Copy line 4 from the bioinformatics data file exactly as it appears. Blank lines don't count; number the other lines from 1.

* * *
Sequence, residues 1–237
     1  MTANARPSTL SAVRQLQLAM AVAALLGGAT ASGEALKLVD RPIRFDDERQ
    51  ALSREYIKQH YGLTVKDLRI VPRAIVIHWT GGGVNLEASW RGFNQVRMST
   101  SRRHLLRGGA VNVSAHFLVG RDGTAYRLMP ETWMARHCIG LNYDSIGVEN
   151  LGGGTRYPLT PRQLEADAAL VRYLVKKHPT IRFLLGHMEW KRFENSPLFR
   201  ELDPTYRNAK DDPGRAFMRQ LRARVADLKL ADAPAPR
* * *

   101  SRRHLLRGGA VNVSAHFLVG RDGTAYRLMP ETWMARHCIG LNYDSIGVEN